Mitt Romney’s pre-existing Massachusetts condition
Last week on the Jay Leno Show, presidential candidate and former governor of Massachusetts Mitt Romney, while criticizing Obama’s comprehensive health care reform law, argued that those with preexisting conditions who have not previously had health care should not be entitled to coverage. When pressed on the matter, he claimed that “people who have done their best to get insured, are going to be able to be covered” and went on to state that people simply cannot “get sick and then go buy insurance.”
While on the surface, Romney’s statements might sound reasonable—people can generally get insurance and allowing people to ride free and not pay for insurance until they get sick probably is not a good thing— a brief look at the actual facts reveals an entirely different story. The assertion that those who try to get insurance “are going to be able to get covered” fundamentally conflicts with the reality that an estimated 17 percent of Americans do not have health insurance coverage according to a 2011 Gallup study. That’s nearly one in five Americans who do not have health insurance. Even if one were to give Romney the benefit of the doubt and assume that some of those people might not want health insurance coverage, it is clear that more people want and cannot afford or acquire health insurance coverage than there is coverage available, and at least some of them are being denied coverage because of preexisting conditions.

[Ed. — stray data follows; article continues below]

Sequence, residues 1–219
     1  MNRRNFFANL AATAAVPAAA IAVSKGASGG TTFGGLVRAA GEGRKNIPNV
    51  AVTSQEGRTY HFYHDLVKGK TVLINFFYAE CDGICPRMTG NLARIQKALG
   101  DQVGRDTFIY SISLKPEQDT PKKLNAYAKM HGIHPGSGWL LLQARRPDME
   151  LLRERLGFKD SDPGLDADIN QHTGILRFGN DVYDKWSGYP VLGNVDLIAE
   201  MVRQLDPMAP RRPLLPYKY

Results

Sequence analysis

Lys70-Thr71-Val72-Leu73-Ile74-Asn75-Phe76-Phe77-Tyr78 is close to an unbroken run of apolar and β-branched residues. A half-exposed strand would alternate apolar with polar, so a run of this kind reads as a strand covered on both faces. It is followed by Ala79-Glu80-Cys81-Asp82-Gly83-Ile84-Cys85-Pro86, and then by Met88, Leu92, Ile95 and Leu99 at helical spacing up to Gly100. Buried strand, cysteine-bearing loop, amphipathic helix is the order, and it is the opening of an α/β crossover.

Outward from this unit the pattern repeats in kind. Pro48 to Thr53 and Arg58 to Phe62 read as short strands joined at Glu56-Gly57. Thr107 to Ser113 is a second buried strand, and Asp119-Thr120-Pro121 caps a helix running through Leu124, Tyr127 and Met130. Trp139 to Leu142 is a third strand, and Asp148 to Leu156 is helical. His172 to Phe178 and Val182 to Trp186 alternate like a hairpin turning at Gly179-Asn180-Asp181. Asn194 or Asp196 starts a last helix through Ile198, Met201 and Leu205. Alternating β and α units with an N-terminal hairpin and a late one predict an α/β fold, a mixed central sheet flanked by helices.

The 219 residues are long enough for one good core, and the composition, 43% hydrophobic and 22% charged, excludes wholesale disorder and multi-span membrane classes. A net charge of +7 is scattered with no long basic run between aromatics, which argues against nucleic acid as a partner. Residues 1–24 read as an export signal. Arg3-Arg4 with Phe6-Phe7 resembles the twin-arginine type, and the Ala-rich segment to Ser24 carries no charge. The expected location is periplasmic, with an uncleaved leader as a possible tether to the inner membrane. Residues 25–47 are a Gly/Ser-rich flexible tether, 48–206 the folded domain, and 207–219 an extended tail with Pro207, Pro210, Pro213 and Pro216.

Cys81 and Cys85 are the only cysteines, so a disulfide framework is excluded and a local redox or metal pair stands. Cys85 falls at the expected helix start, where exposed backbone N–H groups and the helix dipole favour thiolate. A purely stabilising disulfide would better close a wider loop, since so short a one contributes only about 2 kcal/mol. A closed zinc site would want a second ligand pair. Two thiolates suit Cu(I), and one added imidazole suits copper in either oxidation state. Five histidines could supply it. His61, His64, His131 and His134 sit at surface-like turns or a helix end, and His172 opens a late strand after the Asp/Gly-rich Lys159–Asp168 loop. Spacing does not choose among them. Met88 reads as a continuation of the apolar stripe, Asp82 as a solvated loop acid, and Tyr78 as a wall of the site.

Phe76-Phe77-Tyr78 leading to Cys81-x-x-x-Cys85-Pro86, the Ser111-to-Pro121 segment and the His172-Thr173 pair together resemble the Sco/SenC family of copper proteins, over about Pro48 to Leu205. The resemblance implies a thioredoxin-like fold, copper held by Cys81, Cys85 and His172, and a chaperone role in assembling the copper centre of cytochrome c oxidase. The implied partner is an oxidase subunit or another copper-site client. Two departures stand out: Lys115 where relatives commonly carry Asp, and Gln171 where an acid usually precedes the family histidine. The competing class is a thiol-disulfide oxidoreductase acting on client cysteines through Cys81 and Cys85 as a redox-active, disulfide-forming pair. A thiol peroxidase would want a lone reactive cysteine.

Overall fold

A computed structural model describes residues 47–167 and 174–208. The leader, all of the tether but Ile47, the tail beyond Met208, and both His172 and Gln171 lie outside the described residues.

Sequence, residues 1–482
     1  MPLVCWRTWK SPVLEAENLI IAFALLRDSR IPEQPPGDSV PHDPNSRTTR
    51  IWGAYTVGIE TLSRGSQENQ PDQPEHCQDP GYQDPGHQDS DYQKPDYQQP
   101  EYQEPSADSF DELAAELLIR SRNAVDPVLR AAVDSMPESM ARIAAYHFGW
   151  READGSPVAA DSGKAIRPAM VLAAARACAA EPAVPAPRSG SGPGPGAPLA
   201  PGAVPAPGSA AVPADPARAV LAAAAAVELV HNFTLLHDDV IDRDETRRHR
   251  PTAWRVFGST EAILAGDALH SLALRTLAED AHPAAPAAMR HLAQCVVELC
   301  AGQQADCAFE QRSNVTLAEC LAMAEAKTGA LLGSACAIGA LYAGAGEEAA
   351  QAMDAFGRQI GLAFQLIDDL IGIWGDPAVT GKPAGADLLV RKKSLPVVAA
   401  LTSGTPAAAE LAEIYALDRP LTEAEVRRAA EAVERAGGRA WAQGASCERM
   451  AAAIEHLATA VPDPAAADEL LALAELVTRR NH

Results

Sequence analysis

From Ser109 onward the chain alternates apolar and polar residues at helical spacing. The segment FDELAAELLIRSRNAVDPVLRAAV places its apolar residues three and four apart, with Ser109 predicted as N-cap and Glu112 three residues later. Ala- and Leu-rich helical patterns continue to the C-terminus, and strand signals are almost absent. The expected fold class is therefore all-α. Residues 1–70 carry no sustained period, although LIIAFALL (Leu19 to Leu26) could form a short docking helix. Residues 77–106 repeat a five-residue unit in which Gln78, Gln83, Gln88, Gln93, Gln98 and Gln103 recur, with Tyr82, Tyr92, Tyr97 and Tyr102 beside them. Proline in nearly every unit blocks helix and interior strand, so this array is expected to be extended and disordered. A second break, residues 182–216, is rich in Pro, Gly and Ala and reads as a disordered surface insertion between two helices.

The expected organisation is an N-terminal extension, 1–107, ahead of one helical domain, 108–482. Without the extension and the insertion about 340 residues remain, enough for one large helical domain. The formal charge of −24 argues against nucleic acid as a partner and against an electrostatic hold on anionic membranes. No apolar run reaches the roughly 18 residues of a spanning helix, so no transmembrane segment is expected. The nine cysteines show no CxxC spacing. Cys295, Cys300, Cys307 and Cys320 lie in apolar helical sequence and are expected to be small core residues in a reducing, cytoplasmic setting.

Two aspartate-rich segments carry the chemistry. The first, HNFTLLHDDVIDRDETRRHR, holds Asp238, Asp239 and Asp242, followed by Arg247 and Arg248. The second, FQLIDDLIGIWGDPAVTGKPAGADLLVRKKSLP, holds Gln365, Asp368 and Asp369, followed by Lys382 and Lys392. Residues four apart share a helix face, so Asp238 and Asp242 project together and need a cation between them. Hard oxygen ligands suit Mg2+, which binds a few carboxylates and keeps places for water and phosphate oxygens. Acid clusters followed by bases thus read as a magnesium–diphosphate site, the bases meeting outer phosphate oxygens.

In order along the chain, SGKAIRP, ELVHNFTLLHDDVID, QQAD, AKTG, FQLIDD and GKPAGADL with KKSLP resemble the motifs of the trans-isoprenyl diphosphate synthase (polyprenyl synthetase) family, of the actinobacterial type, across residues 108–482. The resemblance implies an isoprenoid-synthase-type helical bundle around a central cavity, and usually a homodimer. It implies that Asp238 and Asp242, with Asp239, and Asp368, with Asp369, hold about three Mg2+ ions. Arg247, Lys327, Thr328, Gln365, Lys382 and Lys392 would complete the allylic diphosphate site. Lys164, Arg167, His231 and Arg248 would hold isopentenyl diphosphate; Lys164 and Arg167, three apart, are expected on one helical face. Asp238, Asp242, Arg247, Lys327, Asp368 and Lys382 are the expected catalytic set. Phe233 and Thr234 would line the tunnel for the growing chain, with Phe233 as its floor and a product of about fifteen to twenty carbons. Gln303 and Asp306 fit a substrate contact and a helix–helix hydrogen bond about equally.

Romney’s assertion that Obama’s plan would allow those who get sick to buy insurance also doesn’t reflect reality. The Patient Protection and Affordable Care Act (Obamacare) mandates that all individuals buy health care, thus no one can avoid paying for health insurance if they aren’t sick and then buy it if they become ill.
Now, clearly some people disagree with the idea of an individual mandate for buying health care, and there is by no means a consensus on the legality or the politics of such a mandate, but as Governor of Massachusetts, Romney enacted a plan nearly identical to Obamacare. In Massachusetts, there is an individual mandate for health insurance.
The most disconcerting part about Romney’s rejection of health insurance for those with preexisting conditions is that his position, at least as he outlined it on Leno, is not only factually unfounded, but also made specifically to pander to an increasingly conservative Republican base.
With the Republican presidential nomination still up in the air, Romney has been attempting to shift his image more to the right. However, in doing so, he has alienated moderates and the nearly 80 percent of Americans who believe that insurance companies should provide coverage to everyone, including those with preexisting conditions, according to a 2011 poll.
Such political pandering is dangerous, ineffectual, and only serves to further widen the political divide in this country. Our politicians should not have to contradict reasonable, widely accepted policies that they may have even supported in the past, just to secure a party nomination and at the cost of compromise.